A family in Mitzpe Kramim. (screenshot) screenshot
Mitzpe Kramim

A Jewish town in Samaria earned a major legal victory on Wednesday when Israel’s Supreme Court ruled against pro-Palestinian litigants trying to demolish the village.

By Ebin Sandler, United with Israel

With pristine views of the Jordan Valley and the Dead Sea, Mitzpe Kramim sits perched on cliffs above the Bika, the Hebrew term for the stretch of land separating Israel from its neighbor to the east, Jordan.

Around 40 Jewish families live in Mitzpe Kramim, their modern stone homes built on streets surrounding the synagogue and playground in the center of town.

Located about 45 minutes from Jerusalem, this vibrant, Torah-focused community counts among its residents professionals, farmers, and teachers, many of whom grew up in the Binaymin Region of Samaria. The town shares a supermarket and other amenities with a larger community called Kochav Hashachar, which houses 400 families.

The towns attract tourists from around the world, who hike the trails of Har HaKuba and take tours of a local organic soap company called Adva, established to provide employment opportunities for people with special needs.

Despite Mitzpe Kramim being established over two decades ago, with the permission of the Israeli government, the Supreme Court has entertained litigation for years attempting to expel the town’s inhabitants.

In 1999, residents legally acquired the land from the relevant authorities, which held themselves out as possessing the right to transfer the area that became Mitzpe Kramim. Ten years later, a left-wing legal organization assisted a group of Palestinians who claimed they owned the land, filing a case before the High Court of Justice to try to expel the families from their homes.

Mitzpe Kramim responded with a suit in the Jerusalem District Court arguing that their community is protected by a government regulation designed to shield those who acquire land in good faith, even if the seller was in error with regard to its right to transfer the property.

That theory had received support from then-Attorney General Avichai Mandelblit, who said it applied to communities in Judea and Samaria, a region that had been excluded from the rule’s application.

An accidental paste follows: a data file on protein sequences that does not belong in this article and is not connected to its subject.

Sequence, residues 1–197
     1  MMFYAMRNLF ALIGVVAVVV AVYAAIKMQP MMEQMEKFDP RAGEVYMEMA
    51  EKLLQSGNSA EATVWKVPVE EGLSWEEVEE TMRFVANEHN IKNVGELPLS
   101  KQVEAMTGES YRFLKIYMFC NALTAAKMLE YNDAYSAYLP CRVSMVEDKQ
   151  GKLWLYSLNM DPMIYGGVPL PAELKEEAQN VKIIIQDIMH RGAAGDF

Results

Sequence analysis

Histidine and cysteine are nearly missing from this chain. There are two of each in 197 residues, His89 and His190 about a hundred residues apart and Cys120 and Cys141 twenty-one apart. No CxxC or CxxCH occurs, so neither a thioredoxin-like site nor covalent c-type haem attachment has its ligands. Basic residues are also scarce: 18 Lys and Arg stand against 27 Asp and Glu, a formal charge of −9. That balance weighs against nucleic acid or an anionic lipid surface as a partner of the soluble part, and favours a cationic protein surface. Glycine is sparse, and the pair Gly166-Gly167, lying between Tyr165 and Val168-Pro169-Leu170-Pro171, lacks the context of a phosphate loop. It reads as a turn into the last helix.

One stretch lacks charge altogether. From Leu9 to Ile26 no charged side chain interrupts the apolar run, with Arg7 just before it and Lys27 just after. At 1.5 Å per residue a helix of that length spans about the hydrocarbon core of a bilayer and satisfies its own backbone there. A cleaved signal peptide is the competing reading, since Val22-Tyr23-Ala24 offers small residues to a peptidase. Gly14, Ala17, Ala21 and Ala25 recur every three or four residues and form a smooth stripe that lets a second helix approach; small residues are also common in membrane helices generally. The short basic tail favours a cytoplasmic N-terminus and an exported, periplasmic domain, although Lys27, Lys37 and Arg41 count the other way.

In August 2018, Judge Arnon Darel of the Jerusalem District Court ruled in a separate but related case in favor of Mitzpe Kramim residents.

Notwithstanding that decision, the cases continued to be appealed.

A Victory for ‘The Rule of Law’

In 2020, a three-judge High Court panel held 2-to-1 that the standard for “good faith” had not been met by Mitzpe Kramim, which would thus be destroyed.

Residents appealed and a larger seven-judge High Court panel ruled on Wednesday that the market regulation rule can be applied, which would mean that Mitzpe Kramim meets the good faith standard, ultimately prohibiting its demolition.

The Yesha Council hailed the decision for ending “years of judicial torture, years of left-wing organizations wasting the state’s resources,” reported Israeli media.

The precedent-setting ruling could help other Jewish communities in Judea and Samaria under legal attack in the Israeli judicial system. Indeed, forced evacuations of communities in Judea and Samaria remain an issue for Jewish Israelis, some of whom find themselves being forced out of the homes they spent years living in.

“We innocently and honestly invested the bulk of our savings in a home in the heartland of Israel, and we were mortified to find out that the authorities had abandoned us and put our families and lives into a state of flux and limbo,” said Shlomo Zwickler, a practicing Israeli attorney and resident of Kochav Hashachar whose home was initially affected by the High Court case against Mitzpe Kramim.

When the 2018 decision was handed down, Zwickler said “it reinvigorate[d] the rule of law for innocent well-meaning people who operate in good faith and simply want to live their lives in their ancestral homeland.”

He also reflected on the hard work, development, and financial resources Mitzpe Kramim residents invested in their community and the profound sense of disappointment and betrayal that followed when the government attempted to rezone the land on which their homes had been built, transforming their houses into illegal structures.

With thousands of homes in Judea and Samaria facing a predicament similar to that of Mitzpe Kramim, the High Court ruling this week could have a major impact on the future of a number of communities in Judea and Samaria.

Following the news of the ruling, former Prime Minister Benjamin Netanyahu conducted a video call with several residents of the town, which celebrated the legal victory on Wednesday night.



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